Despite N80.1bn Intervention, Rehabilitation of Damaturu-Biu Road Not Completed 9 Years After

Nine years after the rehabilitation of Damaturu-Biu road was awarded to Messrs Fik Global Resources Ltd, at the sum of N8.1 billion in 2014, the road [connecting Yobe and Borno states] is still in a deplorable condition.

A Premium Times-owned platform, UDEME, reports that the road which is approximately 125km connects villages and towns in Yobe and Borno states. Used by farmers, artisans and other commuters, the road is an alternative route for heavy trucks transporting farm produce, including travellers from Adamawa to Maiduguri, the capital of Borno State.

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A 45-year-old commercial driver, Salisu Ibrahim who has had no choice but to endure a dusty and bumpy ride on the road, narrated his ordeal, fearing the road could further deteriorate. According to him, construction workers, seven years ago, scraped off the old road built in the 1970s.

“I definitely cannot keep up with working on this kind of road when I clock 50 years,” he said. “Moreover, there is no place without a hole on this part of the road; we are already in the rainy season, and one could get stuck for hours, sometimes days when it rains.”

Traders who also ply the road to Biu market in Borno State lamented the worsening situation of the road.

Mohammed Gambo, a livestock trader, said the journey from Buratai to Miringa is the closest. He explained that the journey should be less than 50 minutes but it now takes 1hr 30 minutes.

Another driver, Yakubu Adamu, shares a similar experience with Ibrahim, saying the road has cost several damages to his car.

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“I have spent a lot of money changing the wheels on my car shock absorber, moving passengers to Biu is tasking, I barely save money, and I rather take passengers from Damaturu to stop in Buratai because that side is good,” he said.

“I once walked more than 3 kilometres after our car got stuck in the mud; my transport fare was not refunded despite paying an outrageous fare,” said Amina Ibrahim, a trader from Yobe State. “To travel this road, one has to be careful, I call to ask if rain fell just to make sure I don’t experience the same situation, once it is cloudy I become restless and begin to pack up.”

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A community leader, Umaru Mohammed, recalled how the Emir of Biu Emirate, got stuck on the road due to the level of water and mud. “At a time I had to intervene and talk to some angry youths from this town not to take the law into their hands as they made attempts to protest and drive away the construction workers at their site yard,” he said.

Abubakar Ibrahim, secretary for the National Union of Road Transport Workers (NURTW), in the axis, urged the company to brace up its work.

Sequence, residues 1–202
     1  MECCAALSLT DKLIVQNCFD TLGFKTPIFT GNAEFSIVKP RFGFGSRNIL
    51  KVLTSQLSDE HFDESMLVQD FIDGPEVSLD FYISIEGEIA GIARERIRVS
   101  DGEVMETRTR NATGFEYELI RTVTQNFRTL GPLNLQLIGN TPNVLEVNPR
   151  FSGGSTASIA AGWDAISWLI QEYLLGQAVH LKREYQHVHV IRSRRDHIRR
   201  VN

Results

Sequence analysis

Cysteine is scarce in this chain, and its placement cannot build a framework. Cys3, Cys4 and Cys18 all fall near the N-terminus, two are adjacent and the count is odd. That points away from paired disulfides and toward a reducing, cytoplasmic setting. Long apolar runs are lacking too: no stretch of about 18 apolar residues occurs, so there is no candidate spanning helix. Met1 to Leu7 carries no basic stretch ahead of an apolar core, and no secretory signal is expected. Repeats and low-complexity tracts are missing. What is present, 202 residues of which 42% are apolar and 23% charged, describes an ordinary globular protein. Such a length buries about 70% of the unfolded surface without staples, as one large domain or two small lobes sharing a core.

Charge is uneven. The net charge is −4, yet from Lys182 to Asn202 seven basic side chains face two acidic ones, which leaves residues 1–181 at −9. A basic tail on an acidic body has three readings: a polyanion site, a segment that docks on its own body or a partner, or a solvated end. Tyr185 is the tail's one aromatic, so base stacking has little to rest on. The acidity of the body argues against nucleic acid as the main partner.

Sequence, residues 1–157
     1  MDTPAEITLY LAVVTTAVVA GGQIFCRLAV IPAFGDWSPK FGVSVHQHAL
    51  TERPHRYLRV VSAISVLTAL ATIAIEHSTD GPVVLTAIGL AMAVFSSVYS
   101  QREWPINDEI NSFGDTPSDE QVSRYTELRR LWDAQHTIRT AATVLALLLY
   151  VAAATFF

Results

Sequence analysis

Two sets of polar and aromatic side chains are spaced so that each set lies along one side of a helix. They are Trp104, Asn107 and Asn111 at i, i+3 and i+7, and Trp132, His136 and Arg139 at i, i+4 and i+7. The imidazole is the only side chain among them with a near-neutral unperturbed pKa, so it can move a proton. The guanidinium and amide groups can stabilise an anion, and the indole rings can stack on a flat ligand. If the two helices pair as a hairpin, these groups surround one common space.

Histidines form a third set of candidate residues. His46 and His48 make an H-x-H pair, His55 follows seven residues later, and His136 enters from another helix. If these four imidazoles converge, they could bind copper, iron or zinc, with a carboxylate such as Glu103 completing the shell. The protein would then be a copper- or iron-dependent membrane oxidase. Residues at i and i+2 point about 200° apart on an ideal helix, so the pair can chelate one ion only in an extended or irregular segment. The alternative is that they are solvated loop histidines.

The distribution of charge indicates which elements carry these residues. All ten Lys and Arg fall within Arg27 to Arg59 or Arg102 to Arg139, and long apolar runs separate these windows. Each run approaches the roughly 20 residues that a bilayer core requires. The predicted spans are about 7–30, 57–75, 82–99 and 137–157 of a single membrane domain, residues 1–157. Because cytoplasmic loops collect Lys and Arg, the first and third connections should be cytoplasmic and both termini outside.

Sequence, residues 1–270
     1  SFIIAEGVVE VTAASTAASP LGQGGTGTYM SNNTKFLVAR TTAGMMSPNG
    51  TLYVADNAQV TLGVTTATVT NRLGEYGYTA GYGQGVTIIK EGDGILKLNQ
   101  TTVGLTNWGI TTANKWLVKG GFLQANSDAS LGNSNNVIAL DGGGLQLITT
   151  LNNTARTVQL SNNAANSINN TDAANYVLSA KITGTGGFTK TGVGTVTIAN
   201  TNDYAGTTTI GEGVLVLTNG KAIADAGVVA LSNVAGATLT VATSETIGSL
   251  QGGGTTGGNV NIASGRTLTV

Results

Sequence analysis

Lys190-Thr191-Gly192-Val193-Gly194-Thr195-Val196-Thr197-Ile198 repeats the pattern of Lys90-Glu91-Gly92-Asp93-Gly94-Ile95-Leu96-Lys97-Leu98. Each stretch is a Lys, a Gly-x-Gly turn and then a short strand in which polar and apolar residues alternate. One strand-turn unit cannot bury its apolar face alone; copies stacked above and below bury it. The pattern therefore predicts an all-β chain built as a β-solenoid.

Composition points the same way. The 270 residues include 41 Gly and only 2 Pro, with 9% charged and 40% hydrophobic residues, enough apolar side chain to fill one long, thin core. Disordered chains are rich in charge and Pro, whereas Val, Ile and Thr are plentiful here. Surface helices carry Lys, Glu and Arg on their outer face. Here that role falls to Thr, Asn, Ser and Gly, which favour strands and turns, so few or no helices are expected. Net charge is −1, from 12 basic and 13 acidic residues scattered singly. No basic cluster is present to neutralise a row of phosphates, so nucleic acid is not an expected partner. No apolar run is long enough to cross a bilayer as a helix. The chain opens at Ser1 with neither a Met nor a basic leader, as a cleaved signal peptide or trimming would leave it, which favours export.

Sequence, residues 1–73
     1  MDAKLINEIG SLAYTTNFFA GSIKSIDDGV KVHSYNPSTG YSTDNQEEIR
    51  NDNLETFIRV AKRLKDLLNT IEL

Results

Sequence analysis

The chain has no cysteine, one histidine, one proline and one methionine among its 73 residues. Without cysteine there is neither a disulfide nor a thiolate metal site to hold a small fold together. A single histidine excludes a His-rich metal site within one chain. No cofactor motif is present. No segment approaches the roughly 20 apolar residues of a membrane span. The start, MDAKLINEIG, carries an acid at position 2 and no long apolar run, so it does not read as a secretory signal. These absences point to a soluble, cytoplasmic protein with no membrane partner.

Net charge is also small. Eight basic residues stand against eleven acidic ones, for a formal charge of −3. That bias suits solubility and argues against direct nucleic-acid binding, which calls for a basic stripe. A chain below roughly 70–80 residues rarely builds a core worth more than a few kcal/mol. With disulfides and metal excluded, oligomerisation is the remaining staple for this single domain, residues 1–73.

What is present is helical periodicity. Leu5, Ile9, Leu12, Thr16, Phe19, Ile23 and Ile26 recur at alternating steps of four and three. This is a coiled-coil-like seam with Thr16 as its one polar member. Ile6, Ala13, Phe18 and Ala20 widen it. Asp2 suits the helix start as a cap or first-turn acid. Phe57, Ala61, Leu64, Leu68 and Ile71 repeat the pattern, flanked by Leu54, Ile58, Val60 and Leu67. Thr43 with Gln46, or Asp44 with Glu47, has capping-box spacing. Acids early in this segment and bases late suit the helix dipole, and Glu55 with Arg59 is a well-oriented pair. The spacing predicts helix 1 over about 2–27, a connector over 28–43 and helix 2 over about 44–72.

“The contractor should better use stones to fill up the road instead of laterite sand because the road gets muddy and impassable when it rains,” he advised. “The drainages and culverts are too small to accommodate the volume of water coming from the hill. It took the effort of community members from Buratai, Miringa, and Biu to put stones and make temporary repairs on the road during last year’s rainy season.”


Messrs Fik Global Resources Ltd, in response to an enquiry by UDEME, explained why the rehabilitation of the road lingers.

Marked with contract number: C/No 6256, the project is under the supervision of the Federal Ministry of Works and Housing. Further findings revealed the 2014 Appropriation Bill and the Subsidy Reimbursement Empowerment Program (SURE-P) as the source of funds for the project.

The construction company, in a letter, explained that delay in disbursement of funds and insecurity among others are the banes frustrating the project.

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It said despite issuing the project in 2014, lack of funding and low-budget implementation, were setbacks encountered as the project was not funded until 2016. Funding came with a yearly budget provision for as low as N100 million, the letter reads.

Corroborating the company’s words, Federal Comptroller of Works in Borno State, Amos A. Tongman, said though the contractor complained of insecurity during construction, the major challenge at the beginning was cash constraint, and also that the job was awarded to a local contractor who did not have the financial capacity at the time of awarding the contract.

“There was a lot of reliance on the Ministry to make money available, and funding became a problem, considering that funds from SURE-P which forms part of the funding, had been trashed by the Buhari administration”, Tongman said.


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